Losing the human touch has traditionally made some hoteliers reluctant to embrace technological innovations such as in-stay guest messaging or texting via brand App. The pandemic has changed that. Both guests and staff now desire more contactless engagement such as contactless check-in while staff shortages require new and innovative solutions. One example being AI conversational guest messaging which significantly reduces the number of guest calls to the front desk and housekeeping. Smartphone use is now universal amongst guests and travelers and most of us now depend upon our mobile devices to inform, answer, clarify, notify...and vent! Of course, the “human touch” is still expected of our hosts, but travelers now also want, or demand that their mobile phones be used to enhance the quality of their travel. From “Nice to have” to “Must have” Imagine the advent of the in-room landline telephone. At first there was likely a hesitancy by hotels to add these contraptions to every room as it was expensive and likely to just add more headaches to the staff by making it easier for guests to make requests, complain or simply ask monotonous questions. Ultimately however, a room without a telephone was destined to be a room without a guest. A “must have” as they say. The guest experience with the telephone in the room for the first time must have been exhilarating! After experiencing this, how acceptable would it have been for most guests to then stay in a hotel that did not provide that same telephone convenience? As we now know, it became…unacceptable. When we consider guest messaging, and especially AI conversational messaging, there are many similarities to the mandate for land lines in every room. The main difference with the comparison is that we all already have smart phones, so the mandate for in-stay mobile guest communications will likely be more urgent, and less costly, after guests experience the benefits of a robust, seamless Digital Concierge. Given its many conveniences, smart guest messaging is here to stay, and it will soon, if not already, be considered a “must have” within the industry. Eventually, guests will become accustomed to the conveniences of AI conversational messaging, and they will no longer be willing to accept; waiting in long lines, calling the front desk for everything, being put on hold, silencing their concerns, calling to make reservations, or ordering room service… In-Stay Guest Messaging evolves to Smart AI Guest Messaging There is another, very important reason that guest messaging is relevant. It typically increases in-stay guest engagement by more than 5X over the traditional e-mail communications. So, during a given weeks stay, whereas about 5% to 10% of in-stay guests may e-mail or visit the hotel website to gather information, that percentage skyrockets to well over 50% of in-stay guests communicating with the hotel via AI guest messaging when available. So, what is AI conversational guest messaging and how is it different than traditional “guest messaging”? The simple answer: intelligence. With its AI, the Concierge becomes a self-learning communication robot that leverages big data and machine learning to continuously get better and better. The ultimate result: happier guests (which equates to return guests!) and more productive staff. Houston, we have a staffing problem! So, why not make the current staff more productive by freeing them from many menial and repetitive tasks? How does this connection between AI guest messaging and a more productive staff work? One example is front desk calls where we see AI guest messaging reducing the number of calls by 25% or more. This makes the staff more productive and the guests happier because they are getting their answers more quickly via their smart phones, while waiting in shorter lines and being attended to more quickly when at the front desk. This giant leap in guest engagement means a hotel is consistently communicating with over half of its in-stay guests, and hotels begin to experience transformative capabilities and results. Dramatically increased guest communications mean dramatically increased guest feedback & real-time response, guest purchases & upsells, contactless guest check-in and more. Ultimately, the entire guest experience blossoms into a tsunami of incremental guest data that the hotel can now leverage, potentially ushering in a true renaissance in the hospitality industry.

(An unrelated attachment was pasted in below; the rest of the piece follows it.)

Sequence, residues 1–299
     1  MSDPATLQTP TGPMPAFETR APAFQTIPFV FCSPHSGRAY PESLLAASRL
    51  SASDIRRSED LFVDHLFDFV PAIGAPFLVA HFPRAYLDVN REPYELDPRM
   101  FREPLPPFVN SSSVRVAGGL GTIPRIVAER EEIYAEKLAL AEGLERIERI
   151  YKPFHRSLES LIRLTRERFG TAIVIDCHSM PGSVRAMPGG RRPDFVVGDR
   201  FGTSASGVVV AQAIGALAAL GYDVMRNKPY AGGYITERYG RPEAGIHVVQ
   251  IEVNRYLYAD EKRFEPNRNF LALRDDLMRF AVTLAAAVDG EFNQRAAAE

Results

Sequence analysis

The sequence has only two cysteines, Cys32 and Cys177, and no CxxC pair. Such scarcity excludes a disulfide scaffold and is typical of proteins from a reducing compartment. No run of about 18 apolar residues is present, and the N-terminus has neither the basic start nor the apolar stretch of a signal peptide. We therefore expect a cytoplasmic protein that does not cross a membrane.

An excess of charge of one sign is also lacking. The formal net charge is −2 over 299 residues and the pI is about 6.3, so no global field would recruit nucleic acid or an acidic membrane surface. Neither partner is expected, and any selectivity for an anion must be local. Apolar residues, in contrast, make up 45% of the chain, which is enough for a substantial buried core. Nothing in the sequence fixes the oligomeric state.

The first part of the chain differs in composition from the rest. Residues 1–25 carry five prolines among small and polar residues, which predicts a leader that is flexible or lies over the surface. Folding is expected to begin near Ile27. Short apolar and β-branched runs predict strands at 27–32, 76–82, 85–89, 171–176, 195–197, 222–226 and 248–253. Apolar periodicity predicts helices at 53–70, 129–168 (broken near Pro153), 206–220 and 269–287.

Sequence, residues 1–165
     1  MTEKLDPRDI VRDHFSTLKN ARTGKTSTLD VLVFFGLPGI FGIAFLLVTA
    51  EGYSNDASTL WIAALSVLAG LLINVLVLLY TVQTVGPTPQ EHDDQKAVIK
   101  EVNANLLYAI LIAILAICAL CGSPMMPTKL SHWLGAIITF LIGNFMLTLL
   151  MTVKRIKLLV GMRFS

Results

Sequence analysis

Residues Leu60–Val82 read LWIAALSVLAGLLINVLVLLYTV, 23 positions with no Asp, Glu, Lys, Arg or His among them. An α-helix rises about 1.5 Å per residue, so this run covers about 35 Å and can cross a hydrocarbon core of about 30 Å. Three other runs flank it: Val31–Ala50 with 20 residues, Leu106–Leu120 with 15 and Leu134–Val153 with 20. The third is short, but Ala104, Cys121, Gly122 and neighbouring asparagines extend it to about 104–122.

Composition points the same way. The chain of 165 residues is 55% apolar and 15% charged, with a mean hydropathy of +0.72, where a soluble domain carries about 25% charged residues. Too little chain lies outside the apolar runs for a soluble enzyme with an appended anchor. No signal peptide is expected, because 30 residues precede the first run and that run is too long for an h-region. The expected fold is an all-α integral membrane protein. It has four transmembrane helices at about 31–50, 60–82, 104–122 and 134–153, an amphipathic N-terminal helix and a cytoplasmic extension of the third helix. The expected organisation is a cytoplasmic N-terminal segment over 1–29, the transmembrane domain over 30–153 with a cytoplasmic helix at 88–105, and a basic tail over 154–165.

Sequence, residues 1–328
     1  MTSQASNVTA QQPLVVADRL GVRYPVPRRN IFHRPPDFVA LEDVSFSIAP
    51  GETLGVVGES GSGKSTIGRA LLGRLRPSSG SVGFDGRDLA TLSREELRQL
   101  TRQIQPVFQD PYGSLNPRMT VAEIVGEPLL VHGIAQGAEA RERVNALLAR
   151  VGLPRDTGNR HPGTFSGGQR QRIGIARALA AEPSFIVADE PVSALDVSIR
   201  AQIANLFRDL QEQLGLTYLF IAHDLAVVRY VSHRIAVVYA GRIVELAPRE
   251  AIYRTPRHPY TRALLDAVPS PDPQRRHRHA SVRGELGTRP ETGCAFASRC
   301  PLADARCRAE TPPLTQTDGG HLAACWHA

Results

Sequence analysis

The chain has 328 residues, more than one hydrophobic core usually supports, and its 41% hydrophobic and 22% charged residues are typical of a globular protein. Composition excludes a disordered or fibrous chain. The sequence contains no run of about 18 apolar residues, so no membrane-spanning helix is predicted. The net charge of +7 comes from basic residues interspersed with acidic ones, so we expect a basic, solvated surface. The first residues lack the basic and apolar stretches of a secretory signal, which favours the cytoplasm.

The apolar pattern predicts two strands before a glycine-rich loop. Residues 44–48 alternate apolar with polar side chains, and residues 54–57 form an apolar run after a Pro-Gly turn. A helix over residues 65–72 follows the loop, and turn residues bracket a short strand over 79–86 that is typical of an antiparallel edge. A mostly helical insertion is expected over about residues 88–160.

Understanding travel trends and behaviors has been somewhat more difficult to recognize in the midst of the pandemic. However, some undeniable facts remain for the changing traveler behaviors and expectations. It's important to learn and adapt in order for your business to reach its highest potential and maximize revenues. To begin, the traveler demographic is notably shifting and we will be seeing a great increase in the amount of Gen Z travelers. Generation Z, or Gen Z, includes anyone born between 1995 - 2012. This is the first generation that is digitally native. Meaning that the generation grew up with technology from a very early age. As some hoteliers might see this group as low-spending, that is in fact not true. Not only do the younger ones influence the destinations chosen by their parents, but older Gen-Zers are said to spend even more than regular tourists. Eager to travel and experience the world, young travelers are likely to return and give more value to the destination over their lifetime. According to UNWTO “Young people see travel as an essential part of their everyday lives, rather than just a brief escape from reality.” In order to capture the attention of the first digitally native generation, it's crucial to be as visible as you can online, provide a smooth booking process, and be able to offer customized promotions to guests. Grow Online Visibility Across New Booking Channels It is almost inevitable that your property needs to have a strong online presence. This means not only having a website for your property that allows travelers to book but also being visible and listed on multiple different online travel agencies (OTAs). Being present on multiple different platforms greatly increases the segment of travelers you are able to reach. Different countries and regions have different booking habits when it comes to choosing an OTA, so it is important that your property is listed on those websites. According to Expedia, “Gen Zers turn 31% more to OTAs than they were prior to the COVID-19 crisis.” Surely, trying to manage your property on different platforms and keeping everything up to date, will be very difficult and time-consuming. This is where a channel manager will be the most beneficial to you and your property. A channel manager is a tool that enables hoteliers to connect to multiple different OTA’s and allows them to manage bookings and update inventory from one platform. Choosing the right channel manager will help you not only bring in more guests and maximize profits but also save time allowing you to focus on offering a seamless guest experience. Facilitate Quick Booking via Your Direct Channel There is a fundamental difference between older and newer generations. It's important to understand and leverage these differences to your advantage. According to global studies, while millennials have an attention span of 12 seconds, Gen Zers have decreased this to 8 seconds. This means you have an average of 8 seconds to make the best first impression and encourage the travelers into the booking flow. Doing so requires you to have a seamless booking experience. Enabling your guests to easily choose a room type, date, and payment method is essential. These can all be attained by using a booking engine. Booking engines are important tools that are easily placed into your website, and enable guests to directly book from your website without going to any 3rd party websites. This helps you provide the quickest and best experience for your guests. Choosing the right booking engine for your property will not only capture traffic but will also cause less frustration for both you and your guests. Easing the workload for your staff is also a huge benefit. Having rates and availability synced and updated with each reservation, gives your team the time and energy to focus on different tasks, in return providing a better experience for your guests. Offer Exclusive Services and Promotions Even though the attention span may be shorter, Gen Zers actually recall advertising content better than millennials and Gen X. This plays a key role in retaining guests and them coming back for multiple visits. Younger consumers record a high rate of brand preference, meaning they relate closely to the brands they are choosing. They are attracted by a brand’s reputation on the environment, its customer care, and product exclusivity. Sustainability and eco-friendliness are major trends and should somehow be implemented to your property. Changes made can range anywhere from using recyclable materials, reducing waste, eliminating plastic utensils, to almost anything that shows that your business cares. Customer care and product exclusivity are other things you should consider offering. Being in the hospitality industry, it should already be pretty evident that customer care should be one of the highest priorities. Product exclusivity, on the other hand, may seem more difficult, but it actually isn't. Offering your guests special deals and coupons that can be used during the booking process, will provide a great deal of interest. These are where it's important to have a promotion engine integrated with your booking process because together they will provide a quick, easy, and rewarding experience. Promotions help you generate appeal and attraction - both of which will drive up bookings. Leveraging promotions to your advantage is important to capture all types of bookings. Leverage a Hotel CRM to Drive Loyalty Understanding the travelers’ new behaviors and expectations helps you make the right decisions. We see that the younger travelers prefer brands that align with their values and that they can have a bond with. GRM (Guest Relationship Management) tools help build a relationship with your customers that, in turn, creates loyalty and customer retention. According to RjMetrics, repeat customers are likely to spend 300x more. Building this relationship may sometimes seem difficult, especially during these times. Guest relationship management tools help you get in contact with guests in their native language before their stay, help guests to make any travel arrangements they may need, and address any customer complaints quickly and effectively. You will also be able to interact with guests even after they have stayed at your property, which is just as important as before they arrive. Leaving a good impression even post-stay is a great way to leave the best mark. Considering the irreversible impact of the pandemic on the traveler behavior, the influential Gen Z and the ever-changing nature of the travel industry, it becomes inevitable for you to change the way you do business. Understanding these trends and adapting to them will help you make the right decisions and show you where you should focus more of your energy on. Whether it be providing your guests with a more seamless booking experience with the booking engine, simplifying your operations with the channel manager or improving your guest relationships with promotional coupons and following up with post and pre-stay emails. These tools will allow you to keep up with the new trends and attract travelers who have an entirely different mindset.